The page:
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Lawn Fuzz

>> Monday, March 15, 2010

'Tis the season of the snow mold.  I have a love-hate relationship with the stuff.  On the one hand it's pretty gross and it makes me sneeze, but on the other hand it's a sure sign of spring.  For some reason this year nearly our entire lawn was coated in snow mold.


I don't know a whole lot about snow mold, although I have read there are two primary types: gray and pink.  I appear to have mostly the gray, also known as Typhula blight.  It appears every year in the first warm days that melt a lot of the snow.  At a glance it almost looks like lingering patches of snow, but it most certainly is not.



It's a little gross to have my entire lawn being eaten up by mold, but it shall pass.  A little sun and dryness will make it disappear again until next spring.  It never seems to do any lasting damage, or at least not that I notice.  Our lawn is never exactly pristine, since I refuse to apply chemical fertilizers or pesticides.  We have a grub problem, and the dog pee kills large patches of it too.  I shall never be one of those people who worries much about my lawn looking like a golf course.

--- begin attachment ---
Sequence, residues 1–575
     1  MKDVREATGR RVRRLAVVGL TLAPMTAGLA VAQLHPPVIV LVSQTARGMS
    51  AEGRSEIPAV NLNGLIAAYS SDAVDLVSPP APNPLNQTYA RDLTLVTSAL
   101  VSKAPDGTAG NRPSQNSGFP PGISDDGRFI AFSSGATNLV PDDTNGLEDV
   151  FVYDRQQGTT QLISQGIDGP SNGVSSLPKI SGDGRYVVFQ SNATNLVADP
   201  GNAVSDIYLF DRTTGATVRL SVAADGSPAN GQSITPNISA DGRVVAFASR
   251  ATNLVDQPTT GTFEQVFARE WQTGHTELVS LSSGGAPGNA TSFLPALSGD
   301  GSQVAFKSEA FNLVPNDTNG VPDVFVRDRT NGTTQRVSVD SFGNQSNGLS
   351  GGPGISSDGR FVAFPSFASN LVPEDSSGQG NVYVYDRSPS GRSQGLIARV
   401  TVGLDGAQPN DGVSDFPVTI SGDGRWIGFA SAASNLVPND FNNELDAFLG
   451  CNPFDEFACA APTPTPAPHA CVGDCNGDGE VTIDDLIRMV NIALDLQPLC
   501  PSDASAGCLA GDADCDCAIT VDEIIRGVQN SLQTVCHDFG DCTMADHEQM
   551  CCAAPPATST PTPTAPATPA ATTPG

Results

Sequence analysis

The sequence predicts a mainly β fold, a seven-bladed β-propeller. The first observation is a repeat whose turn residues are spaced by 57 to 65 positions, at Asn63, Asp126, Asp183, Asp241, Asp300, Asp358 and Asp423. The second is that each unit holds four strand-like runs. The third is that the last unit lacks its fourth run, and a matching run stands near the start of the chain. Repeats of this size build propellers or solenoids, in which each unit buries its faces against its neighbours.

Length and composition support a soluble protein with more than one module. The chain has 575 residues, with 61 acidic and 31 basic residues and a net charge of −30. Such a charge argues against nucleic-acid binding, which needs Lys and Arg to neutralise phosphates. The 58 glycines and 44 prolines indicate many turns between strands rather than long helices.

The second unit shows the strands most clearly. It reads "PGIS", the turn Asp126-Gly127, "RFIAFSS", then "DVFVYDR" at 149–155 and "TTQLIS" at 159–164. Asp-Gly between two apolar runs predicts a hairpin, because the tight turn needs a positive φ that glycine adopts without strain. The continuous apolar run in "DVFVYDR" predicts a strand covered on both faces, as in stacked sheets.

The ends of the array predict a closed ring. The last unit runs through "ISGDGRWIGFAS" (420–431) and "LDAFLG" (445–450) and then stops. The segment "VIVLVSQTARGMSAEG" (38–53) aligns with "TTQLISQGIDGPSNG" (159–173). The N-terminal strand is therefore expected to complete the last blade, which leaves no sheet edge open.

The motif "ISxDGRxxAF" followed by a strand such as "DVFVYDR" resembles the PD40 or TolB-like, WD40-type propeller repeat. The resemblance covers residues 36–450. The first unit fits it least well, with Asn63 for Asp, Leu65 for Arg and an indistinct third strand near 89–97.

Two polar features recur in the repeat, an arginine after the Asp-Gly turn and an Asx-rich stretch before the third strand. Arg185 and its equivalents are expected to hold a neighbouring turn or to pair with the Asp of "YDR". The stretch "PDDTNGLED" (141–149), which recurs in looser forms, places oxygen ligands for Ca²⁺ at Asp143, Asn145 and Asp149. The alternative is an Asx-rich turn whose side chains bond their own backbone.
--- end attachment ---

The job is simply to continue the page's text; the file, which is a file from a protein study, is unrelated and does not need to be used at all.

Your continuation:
It seems awfully early, but there are a few other signs of spring in my garden, too.  The irises are starting to poke their brave heads above the soil, reminding me that I really need to thin out the patches.  I never seem to get around to it.  Good thing they tolerate my neglect.


I have no idea what this little red nub is - I shall have to watch it to find out.


I hope these brave first shoots don't regret their early optimism about winter's end and spring's approach.

This past Saturday I hosted a birthday party for my father, and chose jonquils as the floral decor.  Apparently I can't resist feeling optimistic about the end of winter, any more than those little plants can.



2 comments:

Woodswalker March 15, 2010 at 11:19 AM  

I'm so glad to learn that you don't put poisonous crap on your lawn. You and your family (including the dogs and cats) will be healthier for it, and so will your lawn, in the long run. As you stated, that mold disappears after a while, and who knows what function it plays in your lawn's ecosystem? All kinds of important processes go on under the soil that we have no inkling of.

Ellen Rathbone March 16, 2010 at 10:08 AM  

What a lovely basket of flowers! I love the woodsy arrangement.

And snow mold is a new one to me. I shall now have to keep my eyes peeled to see if I have it too.

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